Version: v1, Published online: 1998
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2. Journalism and democracy
But before the irrelevance of ethics to journalism can be confirmed, we need to look at the traditional political justification of ethical journalism, as this is ignored rather than refuted by the sceptics.
Liberal theory places a high value on freedom of thought and freedom of speech (see Freedom of speech). One argument for this is in terms of rights: rational individuals have a right to think as they find and to speak as they think. Another argument, due especially to Mill, is in terms of consequences: truth is beneficial to individuals and society, and it is most likely to be arrived at through free expression and open discussion, through the unfettered critical clash and contention of ideas (see Mill, J.S. §12).
Democratic theory adds to these goals and arguments (see Democracy). An informed citizenry is a necessary condition of democracy, and this gives the media their special role with both rights and responsibilities. The rights are the privileges of press freedom, and the responsibilities are the duties to provide the accurate information and balanced comment without which people cannot fulfil their roles as rational citizens.
This link between free speech, freedom of the press and liberal democracy famously appears in the First Amendment to the Constitution of the United States of America: ‘Congress shall make no law…abridging the freedom of speech, or of the press’. It has since become enshrined in international charters such as the Universal Declaration of Human Rights: ‘Everyone has the right to freedom of opinion and expression; this right includes freedom to hold opinions without interference and to seek, receive and impart information and ideas through any media regardless of frontiers’ (Article 19).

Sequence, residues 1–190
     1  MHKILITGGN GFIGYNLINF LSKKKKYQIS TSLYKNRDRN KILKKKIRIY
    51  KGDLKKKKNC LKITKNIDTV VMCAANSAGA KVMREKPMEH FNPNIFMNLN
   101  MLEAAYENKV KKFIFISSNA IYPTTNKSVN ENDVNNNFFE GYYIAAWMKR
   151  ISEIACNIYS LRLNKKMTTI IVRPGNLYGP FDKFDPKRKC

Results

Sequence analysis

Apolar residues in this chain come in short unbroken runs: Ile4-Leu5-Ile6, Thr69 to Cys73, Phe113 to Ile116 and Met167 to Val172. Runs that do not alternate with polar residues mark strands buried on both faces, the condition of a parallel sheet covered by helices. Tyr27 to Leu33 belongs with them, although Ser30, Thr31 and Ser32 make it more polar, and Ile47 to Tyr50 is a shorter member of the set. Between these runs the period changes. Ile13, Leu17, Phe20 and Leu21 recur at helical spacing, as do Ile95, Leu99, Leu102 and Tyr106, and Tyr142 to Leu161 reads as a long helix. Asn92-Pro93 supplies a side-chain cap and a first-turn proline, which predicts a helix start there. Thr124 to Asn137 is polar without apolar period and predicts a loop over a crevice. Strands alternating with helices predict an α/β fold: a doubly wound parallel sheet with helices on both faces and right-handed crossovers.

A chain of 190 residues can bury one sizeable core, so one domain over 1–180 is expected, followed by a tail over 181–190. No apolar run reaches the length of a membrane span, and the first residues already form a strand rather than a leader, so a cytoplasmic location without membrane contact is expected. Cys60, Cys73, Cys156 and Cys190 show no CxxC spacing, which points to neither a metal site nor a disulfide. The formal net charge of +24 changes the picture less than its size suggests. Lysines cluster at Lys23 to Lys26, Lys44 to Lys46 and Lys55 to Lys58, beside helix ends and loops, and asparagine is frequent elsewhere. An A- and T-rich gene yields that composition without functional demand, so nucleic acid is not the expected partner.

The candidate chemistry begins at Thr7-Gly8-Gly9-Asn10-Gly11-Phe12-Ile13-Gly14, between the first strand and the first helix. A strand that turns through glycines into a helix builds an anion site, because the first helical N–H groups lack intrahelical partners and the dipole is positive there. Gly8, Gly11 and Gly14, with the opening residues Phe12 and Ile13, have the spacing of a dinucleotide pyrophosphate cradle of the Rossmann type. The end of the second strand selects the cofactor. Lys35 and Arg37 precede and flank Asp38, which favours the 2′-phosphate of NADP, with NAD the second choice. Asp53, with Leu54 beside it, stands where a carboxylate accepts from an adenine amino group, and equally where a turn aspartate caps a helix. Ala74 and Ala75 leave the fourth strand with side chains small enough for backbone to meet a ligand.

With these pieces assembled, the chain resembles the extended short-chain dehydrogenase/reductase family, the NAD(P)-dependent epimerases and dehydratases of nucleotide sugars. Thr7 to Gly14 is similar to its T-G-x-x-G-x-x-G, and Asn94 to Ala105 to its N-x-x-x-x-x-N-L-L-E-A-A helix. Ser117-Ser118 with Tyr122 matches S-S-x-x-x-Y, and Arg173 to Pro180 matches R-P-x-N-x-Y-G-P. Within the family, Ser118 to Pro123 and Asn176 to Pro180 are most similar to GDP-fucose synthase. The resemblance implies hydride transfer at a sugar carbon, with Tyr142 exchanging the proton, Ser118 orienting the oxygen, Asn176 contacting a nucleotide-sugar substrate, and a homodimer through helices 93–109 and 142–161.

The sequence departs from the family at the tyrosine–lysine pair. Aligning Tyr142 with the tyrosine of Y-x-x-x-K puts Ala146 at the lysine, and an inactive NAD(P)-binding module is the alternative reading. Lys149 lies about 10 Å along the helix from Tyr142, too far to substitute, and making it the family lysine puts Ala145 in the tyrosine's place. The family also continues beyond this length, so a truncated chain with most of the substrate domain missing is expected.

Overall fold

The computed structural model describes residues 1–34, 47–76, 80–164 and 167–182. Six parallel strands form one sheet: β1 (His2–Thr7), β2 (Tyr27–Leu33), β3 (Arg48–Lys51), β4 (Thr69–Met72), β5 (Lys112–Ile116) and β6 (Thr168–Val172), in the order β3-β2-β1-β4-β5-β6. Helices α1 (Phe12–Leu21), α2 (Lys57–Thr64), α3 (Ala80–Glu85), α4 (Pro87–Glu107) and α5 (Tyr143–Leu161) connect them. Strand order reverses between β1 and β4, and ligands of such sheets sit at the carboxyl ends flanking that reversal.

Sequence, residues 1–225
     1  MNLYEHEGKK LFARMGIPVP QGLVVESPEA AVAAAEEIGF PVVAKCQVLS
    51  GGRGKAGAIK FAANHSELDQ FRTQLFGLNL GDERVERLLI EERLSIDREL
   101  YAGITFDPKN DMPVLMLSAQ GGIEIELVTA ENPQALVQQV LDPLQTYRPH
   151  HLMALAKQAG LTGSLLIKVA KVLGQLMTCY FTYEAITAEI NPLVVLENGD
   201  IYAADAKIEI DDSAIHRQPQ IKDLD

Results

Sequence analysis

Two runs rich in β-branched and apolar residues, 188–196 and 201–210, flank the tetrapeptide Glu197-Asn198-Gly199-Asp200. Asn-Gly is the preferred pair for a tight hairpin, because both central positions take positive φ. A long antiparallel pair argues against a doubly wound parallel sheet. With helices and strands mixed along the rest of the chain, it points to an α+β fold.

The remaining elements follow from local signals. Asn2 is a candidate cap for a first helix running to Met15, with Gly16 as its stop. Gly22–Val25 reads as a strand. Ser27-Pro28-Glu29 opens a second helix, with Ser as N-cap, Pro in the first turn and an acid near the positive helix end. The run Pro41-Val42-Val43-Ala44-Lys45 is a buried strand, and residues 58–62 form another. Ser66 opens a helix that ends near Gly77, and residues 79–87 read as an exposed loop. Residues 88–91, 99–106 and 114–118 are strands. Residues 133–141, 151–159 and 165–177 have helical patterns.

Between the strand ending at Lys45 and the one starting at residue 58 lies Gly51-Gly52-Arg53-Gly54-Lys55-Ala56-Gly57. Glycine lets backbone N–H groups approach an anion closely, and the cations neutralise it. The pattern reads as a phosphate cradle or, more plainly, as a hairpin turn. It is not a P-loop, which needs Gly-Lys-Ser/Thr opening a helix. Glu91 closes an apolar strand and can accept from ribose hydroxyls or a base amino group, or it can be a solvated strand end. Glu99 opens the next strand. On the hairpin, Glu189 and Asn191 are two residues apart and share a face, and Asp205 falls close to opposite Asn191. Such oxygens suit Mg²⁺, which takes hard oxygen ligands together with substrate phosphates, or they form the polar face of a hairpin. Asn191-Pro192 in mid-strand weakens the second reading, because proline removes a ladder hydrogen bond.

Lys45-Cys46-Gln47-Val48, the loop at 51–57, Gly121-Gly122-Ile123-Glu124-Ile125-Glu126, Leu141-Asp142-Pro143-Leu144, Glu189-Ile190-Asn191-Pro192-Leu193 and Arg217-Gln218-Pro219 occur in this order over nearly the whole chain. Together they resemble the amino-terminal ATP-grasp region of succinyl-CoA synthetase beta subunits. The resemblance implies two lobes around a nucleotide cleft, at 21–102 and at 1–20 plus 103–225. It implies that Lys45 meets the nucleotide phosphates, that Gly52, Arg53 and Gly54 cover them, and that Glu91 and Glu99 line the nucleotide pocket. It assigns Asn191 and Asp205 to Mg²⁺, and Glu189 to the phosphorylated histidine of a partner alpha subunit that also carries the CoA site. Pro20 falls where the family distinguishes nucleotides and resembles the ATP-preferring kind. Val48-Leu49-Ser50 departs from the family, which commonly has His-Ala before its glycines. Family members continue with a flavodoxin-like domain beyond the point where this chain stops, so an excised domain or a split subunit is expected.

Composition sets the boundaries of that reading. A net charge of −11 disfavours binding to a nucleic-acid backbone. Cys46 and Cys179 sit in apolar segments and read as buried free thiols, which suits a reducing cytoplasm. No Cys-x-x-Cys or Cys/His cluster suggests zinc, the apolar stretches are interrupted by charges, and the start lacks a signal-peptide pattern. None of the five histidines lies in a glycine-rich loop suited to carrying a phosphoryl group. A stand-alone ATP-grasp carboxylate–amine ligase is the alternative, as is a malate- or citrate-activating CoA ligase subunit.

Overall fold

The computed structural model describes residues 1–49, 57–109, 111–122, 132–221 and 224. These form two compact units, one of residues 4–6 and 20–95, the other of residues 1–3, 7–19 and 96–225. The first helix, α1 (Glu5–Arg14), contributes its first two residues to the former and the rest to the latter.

To the extent that there is anything in this democratic justification of journalism, the abandonment of journalism to market forces must be rejected, and journalism emerges as an ethical practice. This is because it can serve the required democratic role only if it constitutes itself on the basis of ethical concepts like truth, objectivity and fairness. Journalism which is ethical in this sense rejects a purely commercial ethos and recognizes a commitment to serving the public interest.
The more specific principles of journalistic ethics, concerning objectivity, confidentiality and the like, follow from this overall commitment that journalism should do no harm to but should further the interests of a democratic polity and its individual citizens. Although there is scope for a legal framework on such matters as defamation, obscenity and privacy, legislation has a merely restrictive effect on freedom of expression and does not actively promote journalism of high quality. It is ethical engagement by journalists, and not legally backed censorship, which is a necessary condition of journalistic quality.
Belsey, Andrew. Journalism and democracy. Journalism, ethics of, 1998, doi:10.4324/9780415249126-L119-1. Routledge Encyclopedia of Philosophy, Taylor and Francis, https://www.rep.routledge.com/articles/thematic/journalism-ethics-of/v-1/sections/journalism-and-democracy.
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